Friday, December 25, 2015

Christmas Gift - Mine is already here.

Jingle bells, jingle bells, I hear them ringing constantly. No, I’m not riding in a one-horse open sleigh. I am hearing Lexie’s bell on her collar. It never stops ringing unless she has finally worn herself out playing non-stop.

Lexie at 3 months and five pounds 

I could not find a collar with a bell on it among the fancy and plain ones on the rack for dogs, extra small or large.  But cat collars often have attached bells to signal the birds when the cat tries to creep up on them. My tiny little Lexie now sports a red collar with a jingle bell as well as a blue collar, the only one she has not yet taken off.  
The bell drives us crazy, and I suppose I should take it off, but I don’t trust my baby girl just  yet. She is quick and moves as silently as a  sunbeam. She often grabs things in her mouth that she should not have, so I stay alert to her ringing in hopes of knowing exactly where she is at all times.

Like a human child at two years old, my four month old puppy is curious, easily distracted or attracted to a voice, a laugh, a movement and anything on the floor. Today she found a frozen green bean that had escaped the pot. It kept her busy for a time. I try to keep her plied with toys and puzzles. She loves a challenge – like managing to thwart my efforts to fence her off the stairs, or keep her in a play pen those times I can’t  watch her.


Play Pen for pups - light weight, with zip cover
I think my sister Gay found a way to contain a busy, energetic little dog. She bought a puppy pen with a cover. Now Lexie can’t jump out. But when we first put her in it, we howled with laughter. She jumped up on the sides and her weight pushed the pen over – and over and  over as she rolled down the hall and into the  kitchen where we had gone. We might put her in a pen and leave her, but Lexie doesn’t give up. She just rolled the pen to where we had gone.

Finally we figured out that we needed to add weight to the canvas and mesh container. Eighteen pounds of hand weights on the floor of the pen keeps it in place and she cannot roll it over. She actually learned to like it, at least for an hour at the time.
I’m so  happy that  she has not bothered the Christmas tree or the presents. But I don’t think any doggie gifts have yet been placed there.

Lexie has already taught me many things. First, I can now type with a seven pound dog lying across my forearms. I can get up early and take her outside when I am not yet awake. I can carry seven pounds up and down my stairs. Although I had said I would never make the mistake of having a little dog sleep in my bed, I learned I actually enjoy a small cuddly pup curling up against me when I sleep, waking me with  puppy kisses and playing in my hair.

I had forgotten the delight of scooping into my arms a puppy who cries with excitement and anticipation when I come home.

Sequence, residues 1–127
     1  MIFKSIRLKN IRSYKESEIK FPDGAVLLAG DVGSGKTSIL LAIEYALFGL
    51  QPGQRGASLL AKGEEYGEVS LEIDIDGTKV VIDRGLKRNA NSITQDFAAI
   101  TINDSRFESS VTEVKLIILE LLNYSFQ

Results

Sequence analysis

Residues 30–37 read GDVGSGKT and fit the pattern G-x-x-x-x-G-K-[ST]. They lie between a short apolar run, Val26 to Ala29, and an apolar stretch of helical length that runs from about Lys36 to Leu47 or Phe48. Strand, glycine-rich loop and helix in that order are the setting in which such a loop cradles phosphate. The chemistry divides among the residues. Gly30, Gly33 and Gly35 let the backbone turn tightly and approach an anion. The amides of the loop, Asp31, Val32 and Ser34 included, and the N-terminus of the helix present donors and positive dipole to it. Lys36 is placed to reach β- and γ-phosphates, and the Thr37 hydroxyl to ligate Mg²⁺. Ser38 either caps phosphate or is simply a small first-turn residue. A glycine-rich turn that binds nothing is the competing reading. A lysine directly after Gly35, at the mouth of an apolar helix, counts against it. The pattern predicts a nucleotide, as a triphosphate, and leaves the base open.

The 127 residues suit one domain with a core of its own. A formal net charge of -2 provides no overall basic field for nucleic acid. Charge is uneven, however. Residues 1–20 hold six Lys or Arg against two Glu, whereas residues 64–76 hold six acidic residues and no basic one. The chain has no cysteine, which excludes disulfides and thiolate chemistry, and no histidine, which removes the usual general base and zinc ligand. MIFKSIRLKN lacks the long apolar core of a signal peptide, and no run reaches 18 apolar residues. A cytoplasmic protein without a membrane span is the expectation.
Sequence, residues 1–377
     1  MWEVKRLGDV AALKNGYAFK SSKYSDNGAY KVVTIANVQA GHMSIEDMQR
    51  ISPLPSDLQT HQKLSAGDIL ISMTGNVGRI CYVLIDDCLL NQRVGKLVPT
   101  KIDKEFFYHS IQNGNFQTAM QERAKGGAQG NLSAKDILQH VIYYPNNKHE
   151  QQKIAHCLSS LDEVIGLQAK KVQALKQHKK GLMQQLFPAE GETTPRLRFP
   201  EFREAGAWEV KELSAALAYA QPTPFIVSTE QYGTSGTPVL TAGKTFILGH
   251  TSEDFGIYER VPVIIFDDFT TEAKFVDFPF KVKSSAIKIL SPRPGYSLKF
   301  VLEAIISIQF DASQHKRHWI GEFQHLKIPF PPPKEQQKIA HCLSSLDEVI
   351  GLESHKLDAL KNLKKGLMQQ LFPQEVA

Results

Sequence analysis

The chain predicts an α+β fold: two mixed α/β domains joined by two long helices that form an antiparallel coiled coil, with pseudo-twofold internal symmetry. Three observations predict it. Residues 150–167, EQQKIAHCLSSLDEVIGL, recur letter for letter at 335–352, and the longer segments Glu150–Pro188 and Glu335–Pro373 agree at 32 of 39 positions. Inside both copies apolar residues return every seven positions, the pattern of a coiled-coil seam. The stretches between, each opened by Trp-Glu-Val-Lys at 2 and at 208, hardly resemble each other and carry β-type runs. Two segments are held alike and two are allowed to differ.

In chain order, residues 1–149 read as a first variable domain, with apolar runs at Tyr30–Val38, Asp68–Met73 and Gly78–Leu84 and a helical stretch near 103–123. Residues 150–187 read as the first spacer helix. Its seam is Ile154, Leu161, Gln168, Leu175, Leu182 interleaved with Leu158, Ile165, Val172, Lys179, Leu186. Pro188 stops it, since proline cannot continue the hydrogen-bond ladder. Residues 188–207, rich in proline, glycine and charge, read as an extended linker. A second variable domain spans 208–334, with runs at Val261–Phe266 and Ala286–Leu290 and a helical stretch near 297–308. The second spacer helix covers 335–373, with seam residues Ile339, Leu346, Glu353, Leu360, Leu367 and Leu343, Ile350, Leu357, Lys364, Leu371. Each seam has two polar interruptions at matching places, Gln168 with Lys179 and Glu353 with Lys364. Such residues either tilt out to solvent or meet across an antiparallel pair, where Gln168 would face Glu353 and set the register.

Without love, life would not be worth living, whether  the love of one person, a family, traditional or not, or a little furry creature who adores you and you go daft over. We human beings seem to never learn that to love is to risk losing that love. If we learn, we forget and love again and again when the time is right, when we can’t stand the quiet or stillness of our lives another minute.

I gave my heart away to four special dogs in the past and bore the pain of their deaths. I had told myself that I would never again let myself in for that grief. Like my aunt Judy after she lost Dixie, her beloved Eskimo Spitz, years ago, I felt I could not deliberately open my heart for more hurt. But here I am again in love with a dear little bundle of fur with alert eyes that look deep into my being. I almost see her brain turning  over and over the diverse options she has before she charges with direct decision into her next play.  

She befuddles me  with her eager actions and her confidence that all who come into  her  world will turn into babbling fools. They will hug and  kiss her, talk in strange tongue, and want to take her home. 

Gay, Dixie, Glenda on the right

Of course it is likely she will outlive me since little dogs of her sort can live 15 or more years. But I think we will grow old together, side by side, through tough times and during the times when skies are blue. Already my family is smitten with Lexie, and so are my friends. They tell me she has made a difference in me, and we have only been together for about two months.

I have already received  my best gift this year, and I plan to enjoy it for many Christmases to come.

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4 comments:

Abbie Taylor said...

Glenda, Lexie sounds like a lovable terror. I'm glad you two are happy together.

Gay Moring said...

We loved having you and Lexie for Christmas! She's a sweet little bundle of energy and gave us lots of laughs. Enjoy your January of puppy training. I know you are happy to have her home where she can calm down and listen. Happy New Year.

Glenda C. Beall said...

Abbie, she is such a delight and we are very happy together.

Glenda C. Beall said...

Gay, having Christmas at your house is so very special. I love cooking with you, and all the things we do. Thanks for my gifts as well. You and Stu make my life so much happier.